Tyson Lofipo has transformed himself from a winger into a damaging prop forward for the Jets.
Tyson Lofipo has transformed himself from a winger into a damaging prop forward for the Jets. Sarah Harvey

NRL hopes for Lofipo

FOUR YEARS ago he was a winger.

Now he has transformed himself into a match-winning prop to be reckoned with.

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The reinvention of 22-year-old Ipswich front-rower Tyson Lofipo will be on show for Ipswich footy fans when the Jets take on the Penrith Panthers next Friday night at North Ipswich Reserve.

His development has been so impressive that Jets CEO Brad Wolens is adamant he can crack the NRL in the next 12 months.

Wolens has known Lofipo since the second day after he arrived in Australia from New Zealand as a 16 year old, so he has seen the progress of the aggressive forward at close quarters.

"I really think Tyson Lofipo is going to be the surprise packet for us this year," Wolens said.

"He had an exceptional season for us two years ago. Last year he had a fairly quiet year. He lost sight of the bunny a little bit and put on a bit of weight and lost a bit of condition. But he has worked exceptionally hard in the pre-season and the off-season and I think Tyson Lofipo will be a big bonus for us this year."

Lofipo doesn't realise how good he is.

"That is exactly the conversation that I had with him when he came in and signed a contract," Wolens said.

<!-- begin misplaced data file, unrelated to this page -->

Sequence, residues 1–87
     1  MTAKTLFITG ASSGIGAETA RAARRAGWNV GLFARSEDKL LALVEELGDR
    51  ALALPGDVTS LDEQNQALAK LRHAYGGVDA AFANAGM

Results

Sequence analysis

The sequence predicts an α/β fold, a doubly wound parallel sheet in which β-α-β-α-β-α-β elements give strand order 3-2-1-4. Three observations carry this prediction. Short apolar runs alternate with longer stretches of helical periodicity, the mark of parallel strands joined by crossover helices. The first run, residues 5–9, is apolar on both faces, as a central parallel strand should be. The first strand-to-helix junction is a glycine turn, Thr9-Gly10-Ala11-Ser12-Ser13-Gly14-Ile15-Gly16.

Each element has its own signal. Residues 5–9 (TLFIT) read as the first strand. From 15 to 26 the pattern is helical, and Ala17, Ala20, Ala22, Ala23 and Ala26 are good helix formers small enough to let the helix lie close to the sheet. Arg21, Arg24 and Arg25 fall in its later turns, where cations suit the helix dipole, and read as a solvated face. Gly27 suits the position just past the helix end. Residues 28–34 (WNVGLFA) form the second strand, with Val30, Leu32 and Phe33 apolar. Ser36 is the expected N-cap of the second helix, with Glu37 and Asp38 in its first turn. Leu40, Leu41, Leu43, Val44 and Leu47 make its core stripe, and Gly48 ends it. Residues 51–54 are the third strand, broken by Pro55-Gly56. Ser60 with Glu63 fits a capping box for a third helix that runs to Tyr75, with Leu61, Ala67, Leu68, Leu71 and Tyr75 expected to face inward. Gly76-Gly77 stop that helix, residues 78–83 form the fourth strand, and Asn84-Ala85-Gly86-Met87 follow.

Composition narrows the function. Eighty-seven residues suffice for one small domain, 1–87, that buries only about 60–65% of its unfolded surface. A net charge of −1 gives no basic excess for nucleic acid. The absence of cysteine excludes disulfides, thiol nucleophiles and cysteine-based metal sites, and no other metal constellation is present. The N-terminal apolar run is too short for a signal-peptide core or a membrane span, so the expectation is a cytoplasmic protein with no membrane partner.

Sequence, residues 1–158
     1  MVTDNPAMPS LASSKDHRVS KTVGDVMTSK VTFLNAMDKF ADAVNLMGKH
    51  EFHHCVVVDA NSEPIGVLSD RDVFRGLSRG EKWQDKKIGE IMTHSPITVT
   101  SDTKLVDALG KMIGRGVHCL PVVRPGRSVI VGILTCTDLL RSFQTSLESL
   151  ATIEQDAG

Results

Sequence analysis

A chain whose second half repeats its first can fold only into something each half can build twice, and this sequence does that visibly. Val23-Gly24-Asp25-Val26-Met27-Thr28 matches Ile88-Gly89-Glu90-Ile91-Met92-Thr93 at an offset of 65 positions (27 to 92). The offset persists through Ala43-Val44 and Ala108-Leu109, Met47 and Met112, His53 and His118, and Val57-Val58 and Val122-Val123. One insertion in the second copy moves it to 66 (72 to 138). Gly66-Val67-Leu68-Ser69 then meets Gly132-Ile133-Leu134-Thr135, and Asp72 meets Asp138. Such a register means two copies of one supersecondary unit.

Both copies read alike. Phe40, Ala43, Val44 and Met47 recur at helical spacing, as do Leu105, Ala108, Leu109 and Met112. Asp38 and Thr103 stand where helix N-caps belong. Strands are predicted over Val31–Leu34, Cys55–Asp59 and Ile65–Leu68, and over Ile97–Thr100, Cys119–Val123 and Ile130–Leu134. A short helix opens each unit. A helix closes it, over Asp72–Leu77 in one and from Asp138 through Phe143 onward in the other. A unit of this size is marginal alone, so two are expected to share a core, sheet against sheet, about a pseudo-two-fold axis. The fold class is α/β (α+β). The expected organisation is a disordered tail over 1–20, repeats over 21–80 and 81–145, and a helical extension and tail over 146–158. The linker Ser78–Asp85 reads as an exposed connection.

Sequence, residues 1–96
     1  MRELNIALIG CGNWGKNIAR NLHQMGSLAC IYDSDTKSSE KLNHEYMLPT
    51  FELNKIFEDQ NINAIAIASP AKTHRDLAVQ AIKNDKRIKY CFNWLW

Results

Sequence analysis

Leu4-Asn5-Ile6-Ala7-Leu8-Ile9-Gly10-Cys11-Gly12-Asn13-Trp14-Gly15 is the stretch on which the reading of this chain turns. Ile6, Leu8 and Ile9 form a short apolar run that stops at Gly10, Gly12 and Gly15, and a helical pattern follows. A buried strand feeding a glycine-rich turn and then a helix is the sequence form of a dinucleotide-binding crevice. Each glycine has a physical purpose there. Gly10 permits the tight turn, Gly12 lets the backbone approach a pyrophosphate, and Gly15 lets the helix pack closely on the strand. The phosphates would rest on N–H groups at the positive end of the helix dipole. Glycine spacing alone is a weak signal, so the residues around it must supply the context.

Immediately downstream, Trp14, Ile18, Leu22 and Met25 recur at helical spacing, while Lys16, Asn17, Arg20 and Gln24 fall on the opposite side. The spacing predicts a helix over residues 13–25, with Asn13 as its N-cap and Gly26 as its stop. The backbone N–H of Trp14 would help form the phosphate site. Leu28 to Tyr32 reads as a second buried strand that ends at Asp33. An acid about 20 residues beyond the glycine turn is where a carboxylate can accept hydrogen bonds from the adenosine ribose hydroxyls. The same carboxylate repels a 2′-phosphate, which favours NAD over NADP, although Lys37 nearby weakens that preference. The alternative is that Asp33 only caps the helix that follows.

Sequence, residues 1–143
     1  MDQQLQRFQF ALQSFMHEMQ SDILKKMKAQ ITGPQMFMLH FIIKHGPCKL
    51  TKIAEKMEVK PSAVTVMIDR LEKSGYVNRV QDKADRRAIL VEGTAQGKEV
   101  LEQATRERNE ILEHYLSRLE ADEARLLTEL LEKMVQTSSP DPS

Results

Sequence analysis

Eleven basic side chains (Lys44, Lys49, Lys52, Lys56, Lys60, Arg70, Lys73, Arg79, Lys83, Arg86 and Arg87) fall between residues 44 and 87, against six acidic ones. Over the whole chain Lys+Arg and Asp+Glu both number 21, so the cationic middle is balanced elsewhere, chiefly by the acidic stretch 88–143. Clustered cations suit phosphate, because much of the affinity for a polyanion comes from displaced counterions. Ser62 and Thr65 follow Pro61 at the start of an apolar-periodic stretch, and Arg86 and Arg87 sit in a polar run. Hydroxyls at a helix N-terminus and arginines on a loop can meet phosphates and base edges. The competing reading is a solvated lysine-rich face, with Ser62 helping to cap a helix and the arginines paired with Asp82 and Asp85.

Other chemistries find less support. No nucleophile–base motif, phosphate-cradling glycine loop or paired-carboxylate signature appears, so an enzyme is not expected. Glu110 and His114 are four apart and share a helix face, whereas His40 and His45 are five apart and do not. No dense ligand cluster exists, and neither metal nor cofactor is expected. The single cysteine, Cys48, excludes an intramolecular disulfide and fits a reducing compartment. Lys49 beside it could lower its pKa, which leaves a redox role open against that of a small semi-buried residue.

"Personally I believe that the kid has got the ability to go to the next level.

"He was one of those lads who came to Australia as a 16-year-old and had a season in the local comp. At 17 years old, he was thrown into the Jets' Queensland Cup team and the Titans picked him up the next year as an 18-year-old.

"Some players fall in the forgotten category. They have massive wraps on them as 17 and 18-year-olds. When they don't succeed straight away, they are thrown on the scrapheap. But he is a player that NRL clubs should be looking at this year now that he has got his head switched on.

"He's a very strong player. He has got great footwork for a front-rower and he has got a very good ball carry on him. When he is playing with confidence, he is an exceptional talent. Manly looked at him last year and I spoke with Penrith about having a look at him when they are up here too.

"I know him well. I was managing Struddies Sports Store when he came into the shop two days after he arrived in the country. He was looking for some footy shoes. I suggested he go to play with Brothers around the corner from where he lived and then I said he should play for Jets Colts the next year when he turned 17."

Ipswich club chairman Steve Johnson said Lofipo looked trim, taught and terrific at training and has an added maturity to his life.

"He's really matured with fatherhood which is good to see. He came back at the start of training with a little bit of weight on but he's worked hard to get that off and now he's in really good condition," Johnson said.

"He's graduated from a winger four seasons ago as an 18-year-old. Now he is a front-rower and they don't mature until they are 23 or 24.

"He's still probably got a couple of years in his learning curve. He was fortunate that he got a couple of years under Glenn Lazarus, so he learned from the best.

"Physically he has matured into a front-rower and he is making great inroads. Now he has got to mature mentally into that tough role."

Meanwhile, Wolens said the trial month of February would be vital for the Jets as a prelude to the Intrust Super Cup.

"The boys were a little bit disappointed at the end of last season. They thought they would go further than they did, so I think they are very keen to start off the season really well.

"They have primed themselves for a big start to the season."

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